New coronavirus variants are causing growing concern in Africa
Experts believe the spread of new coronavirus variants in Africa has contributed to an increase in both infections and deaths across the continent.
At least a dozen African countries have so far confirmed presence of the variant first detected in India late last year, according to British media.
But there is concern that new variants can't easily be tracked because the testing required to identify them isn't widely available.
What's the role of the Indian variant?
The new wave of infections in Africa is thought to be partly associated with the emergence of some variants that are more transmissible.
Uganda was the first country on the continent to confirm the presence of a variant first identified in India late last year.
This variant has now been reported in Kenya, Morocco, Algeria, South Africa, Botswana, Angola, DR Congo, Nigeria, Uganda, Zambia and Zimbabwe.
It has been classified by the WHO as a "variant of global concern" with possible increased transmissibility.
Another variant of the virus which emerged in South Africa last year contributed to record case numbers in the southern African region, according to the World Health Organization (WHO).
This variant has also been recorded in more than 20 other African countries. It's highly likely to have reached other countries, but few are able to carry out the specialised genomic sequencing to detect coronavirus variants.
In Nigeria, scientists have also identified a new variant of the virus, although there is currently no evidence to indicate it is contributing to increased transmission. Twenty countries have also reported the presence of a Covid-19 variant first identified in the UK.
The WHO and the African Centres for Disease Control launched a network of laboratories last year to try to boost the continent's capacity to identify these variants.
It said the emergence of new, and more contagious variants "reinforced the need to step up genomic surveillance." This involves analysing the code of the virus to understand its genetic makeup.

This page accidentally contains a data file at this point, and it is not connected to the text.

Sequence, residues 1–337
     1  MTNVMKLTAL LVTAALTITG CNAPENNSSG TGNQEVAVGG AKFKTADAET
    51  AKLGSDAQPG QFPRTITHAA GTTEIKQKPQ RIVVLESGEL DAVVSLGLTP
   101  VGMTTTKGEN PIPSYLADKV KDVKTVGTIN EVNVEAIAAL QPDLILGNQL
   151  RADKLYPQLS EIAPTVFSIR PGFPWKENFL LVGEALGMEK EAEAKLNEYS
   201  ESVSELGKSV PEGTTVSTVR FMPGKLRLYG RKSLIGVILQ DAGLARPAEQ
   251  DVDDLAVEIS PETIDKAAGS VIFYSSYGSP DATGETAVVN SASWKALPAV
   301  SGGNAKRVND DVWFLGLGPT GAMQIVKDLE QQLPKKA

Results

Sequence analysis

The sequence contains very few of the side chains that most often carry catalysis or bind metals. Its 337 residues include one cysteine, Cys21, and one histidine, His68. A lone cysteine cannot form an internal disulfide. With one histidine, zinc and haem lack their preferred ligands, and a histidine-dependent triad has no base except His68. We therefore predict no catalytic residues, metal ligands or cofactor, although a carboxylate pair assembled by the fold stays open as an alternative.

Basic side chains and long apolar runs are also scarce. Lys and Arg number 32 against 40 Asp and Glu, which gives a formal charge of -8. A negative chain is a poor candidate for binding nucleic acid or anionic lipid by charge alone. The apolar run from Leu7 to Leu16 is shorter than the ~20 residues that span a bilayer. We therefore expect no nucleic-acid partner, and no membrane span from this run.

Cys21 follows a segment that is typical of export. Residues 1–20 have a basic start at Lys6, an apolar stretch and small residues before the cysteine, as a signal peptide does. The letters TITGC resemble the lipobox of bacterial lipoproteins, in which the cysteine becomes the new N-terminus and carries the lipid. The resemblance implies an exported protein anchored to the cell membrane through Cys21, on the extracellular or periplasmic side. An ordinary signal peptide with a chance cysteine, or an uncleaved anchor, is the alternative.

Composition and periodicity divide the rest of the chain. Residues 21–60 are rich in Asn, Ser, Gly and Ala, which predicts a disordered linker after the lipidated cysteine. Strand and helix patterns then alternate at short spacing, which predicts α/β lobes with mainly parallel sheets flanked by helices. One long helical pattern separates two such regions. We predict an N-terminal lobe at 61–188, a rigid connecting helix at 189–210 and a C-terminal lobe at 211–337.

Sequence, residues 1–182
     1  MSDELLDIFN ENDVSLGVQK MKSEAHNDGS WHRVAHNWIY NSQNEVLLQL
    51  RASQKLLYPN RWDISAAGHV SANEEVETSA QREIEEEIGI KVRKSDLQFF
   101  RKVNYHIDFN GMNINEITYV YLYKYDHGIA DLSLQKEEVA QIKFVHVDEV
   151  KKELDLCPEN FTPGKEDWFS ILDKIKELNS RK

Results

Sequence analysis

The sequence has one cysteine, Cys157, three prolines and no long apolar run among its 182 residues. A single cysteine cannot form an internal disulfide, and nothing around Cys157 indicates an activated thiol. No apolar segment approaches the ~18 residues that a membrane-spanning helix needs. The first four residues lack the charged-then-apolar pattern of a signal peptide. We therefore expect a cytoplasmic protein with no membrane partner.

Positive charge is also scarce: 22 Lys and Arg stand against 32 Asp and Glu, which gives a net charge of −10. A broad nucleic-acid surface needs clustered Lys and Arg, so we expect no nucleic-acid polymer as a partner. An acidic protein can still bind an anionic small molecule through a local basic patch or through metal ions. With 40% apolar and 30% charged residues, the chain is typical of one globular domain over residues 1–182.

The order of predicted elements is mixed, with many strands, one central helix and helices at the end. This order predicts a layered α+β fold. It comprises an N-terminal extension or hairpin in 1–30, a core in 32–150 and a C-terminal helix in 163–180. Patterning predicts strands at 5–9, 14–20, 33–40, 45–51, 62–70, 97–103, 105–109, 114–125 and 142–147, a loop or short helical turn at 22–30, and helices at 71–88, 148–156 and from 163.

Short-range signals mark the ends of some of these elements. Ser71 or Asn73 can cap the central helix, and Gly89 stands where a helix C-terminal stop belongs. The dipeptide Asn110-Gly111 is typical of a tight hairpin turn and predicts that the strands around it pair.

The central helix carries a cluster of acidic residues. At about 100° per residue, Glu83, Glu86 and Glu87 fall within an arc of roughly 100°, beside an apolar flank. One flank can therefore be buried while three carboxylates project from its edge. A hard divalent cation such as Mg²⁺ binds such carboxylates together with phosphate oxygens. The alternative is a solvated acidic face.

However, a recent article in The Lancet pointed out that while efforts were underway to expand this type of work, there were issues around funding, as well as shortages of reagents and staff with the skills required.
What's happening to case numbers?
Over the past month, new cases across the continent declined by 9%, according to the CDC. New cases have been rising in countries such as South Africa, Egypt and Nigeria but dropping in DR Congo, Ethiopia and Kenya.
"Africa is not out of the woods yet, and complacency is not an option at this time," says the head of immunisation at the WHO Africa office, Richard Mihigo.
Most countries have launched Covid-19 immunisation campaigns, but there are still a few countries yet to roll out or even acquire vaccines.
Death rates have been rising
The number of Covid-related deaths rose by 4% in the past month, according to CDC data.
During the first stage of the pandemic, Africa's overall fatality rate - the proportion of those with Covid who then die - was lower than elsewhere in the world.
There were a number of theories put forward as to why that might be the case, such as the relatively younger population, and possible cross-immunity from other coronaviruses.
But the Africa CDC has warned about rising fatality rates in the continent, saying that of the 55 countries they monitor, 21 are reporting fatality rates above the current global average of 2.2%.
The fatality rate for Africa has crept up since July last year when it was on average 2.1% - to 2.7% in April this year (measured over the duration of the pandemic).
A study published in The Lancet suggests hospital patients who are critically ill with Covid-19 in Africa are far more likely to die than in other parts of the world because of limited healthcare resources.
Researchers, who looked at patients in hospitals across 10 African countries, found that nearly half of those who needed intensive care died, whereas the global average was less than a third.
The global fatality rate has fallen since the start of the pandemic, which in itself would put more African countries above the global average.
And fatality rates are also affected by how much testing is done - a country with low levels of testing will show a higher death rate because many non-fatal Covid cases are going undetected.
More importantly, data for deaths should be treated with caution, given the wide variations in how countries record them.
In South Africa, research into excess deaths - that's the number of deaths in a certain period above what would normally be expected - shows that there were 153,668 more deaths between 6 May last year and 10 April this year.
The official death toll from Covid-19 since the start of the pandemic is just above 53,000. And South Africa was just one of eight countries on the continent that had adequate death registration systems.
So coronavirus deaths across Africa as a whole are likely to be under-recorded.
There are wide variations in testing rates and while some countries have reduced testing, others have maintained or even increased it at different points during the pandemic.